If you've read this book, what do you think about it? I'd be honored if you wrote your own opinion of the book in the comments.

Excerpt: Read an excerpt using Google Preview.

Friday, December 15, 2017

The Little Exile by Jeanette Arakawa

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The Little Exile
by Jeanette Arakawa

ISBN-13: 9781611720365
Paperback: 240 pages
Publisher: Stone Bridge Press
Released: May 16, 2017

Source: ARC Review copy from the publisher through Amazon Vine.

Book Description, Modified from Back Cover:
After Pearl Harbor, little Marie Mitsui’s typical life of school and playing with friends in San Francisco is upended. Her family and thousands of others of Japanese heritage are under suspicion and forcibly relocated to internment camps far from home. Living conditions in the camps are harsh, but in the end Marie finds freedom and hope for the future. Told from a child’s perspective, The Little Exile deftly conveys Marie’s innocence, wonder, fear, and outrage. This work of autobiographical fiction is based on the author’s own experience as a wartime internee.

Jeanette S. Arakawa was born in San Francisco in 1932 and was interned in the 1940s at the Rohwer War Relocation Center in Arkansas.

My Review:
The Little Exile is autobiographical fiction describing the author's life around the time of WWII. It reminded me of reading "Little House on the Prairie." We get stories about interesting things that happened in her life, but it also shows how they were treated. It's written from the viewpoint of a child rather than an adult looking back to when she was a child. She started by describing her life in San Francisco leading up to WWII, then how they were treated after the attack on Pearl Harbor. Many people remained friendly with her family, but the FBI sent some people to check out her father and they had to give up their radio. Then they had to move inland. Then they had to go to a temporary internment camp, then take a long train ride to Arkansas, then stay at this new internment/relocation camp for several years. We also learn how her father found a job in Denver, and they left the camp and moved there until they could finally "go home" to San Francisco.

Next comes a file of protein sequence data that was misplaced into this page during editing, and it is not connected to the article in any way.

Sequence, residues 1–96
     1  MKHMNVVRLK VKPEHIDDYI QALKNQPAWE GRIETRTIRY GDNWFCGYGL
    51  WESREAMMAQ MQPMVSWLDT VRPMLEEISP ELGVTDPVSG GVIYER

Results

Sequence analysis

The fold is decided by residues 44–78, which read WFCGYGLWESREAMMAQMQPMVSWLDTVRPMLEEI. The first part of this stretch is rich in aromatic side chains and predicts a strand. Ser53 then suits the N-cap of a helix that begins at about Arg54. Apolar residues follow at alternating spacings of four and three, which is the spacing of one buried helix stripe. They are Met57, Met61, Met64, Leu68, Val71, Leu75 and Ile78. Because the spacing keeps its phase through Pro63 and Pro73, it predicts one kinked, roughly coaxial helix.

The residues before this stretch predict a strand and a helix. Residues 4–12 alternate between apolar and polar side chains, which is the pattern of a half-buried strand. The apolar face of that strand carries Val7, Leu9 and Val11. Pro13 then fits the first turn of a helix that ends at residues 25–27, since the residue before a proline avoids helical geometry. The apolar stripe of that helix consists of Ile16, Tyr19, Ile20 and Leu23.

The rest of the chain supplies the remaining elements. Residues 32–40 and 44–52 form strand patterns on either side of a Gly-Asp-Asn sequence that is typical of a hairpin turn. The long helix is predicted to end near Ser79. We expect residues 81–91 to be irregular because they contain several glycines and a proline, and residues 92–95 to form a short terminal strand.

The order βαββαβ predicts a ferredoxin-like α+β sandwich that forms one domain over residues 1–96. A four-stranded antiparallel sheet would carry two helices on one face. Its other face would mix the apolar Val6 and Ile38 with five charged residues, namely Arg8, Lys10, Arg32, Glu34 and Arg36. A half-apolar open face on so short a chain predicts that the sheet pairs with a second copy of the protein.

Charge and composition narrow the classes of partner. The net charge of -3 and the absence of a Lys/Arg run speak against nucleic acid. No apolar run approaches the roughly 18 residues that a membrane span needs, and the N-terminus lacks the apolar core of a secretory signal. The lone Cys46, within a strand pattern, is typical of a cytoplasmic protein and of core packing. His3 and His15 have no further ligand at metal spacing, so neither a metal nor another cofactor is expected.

She described how they were treated, both the good and the bad. The internment camps certainly weren't pleasant or fair, but they were actually better than I'd thought. They could watch movies, get jobs at the camp to earn a little money, and order things and correspond through the mail. They had a school of a sorts and a hospital. Well, read the book to learn what it was like. Overall, I'd recommend this interesting book.

If you've read this book, what do you think about it? I'd be honored if you wrote your own opinion of the book in the comments.

Tuesday, December 12, 2017

The Psychobiotic Revolution by Scott C. Anderson

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The Psychobiotic Revolution:
Mood, Food, and the New Science of the Gut-Brain Connection
by Scott C. Anderson,
John F. Cryan,
Ted Dinan

ISBN-13: 978-1426218460
Hardcover: 320 pages
Publisher: National Geographic
Released: Nov. 7, 2017

Source: ARC review copy from the publisher through Amazon Vine.

Book Description from Goodreads:
Written by the leading researchers in the field, this information-rich guide to improving your mood explains how gut health drives psychological well-being, and how depression and anxiety can be relieved by adjusting your intestinal bacteria.

This groundbreaking book explains the revolutionary new science of psychobiotics and the discovery that your brain health and state of mind are intimately connected to your microbiome, that four-pound population of microbes living inside your intestines. Leading medical researchers John F. Cryan and Ted Dinan, working with veteran journalist Scott C. Anderson, explain how common mental health problems, particularly depression and anxiety, can be improved by caring for the intestinal microbiome. Science is proving that a healthy gut means a healthy mind—and this book details the steps you can take to change your mood and improve your life by nurturing your microbiome.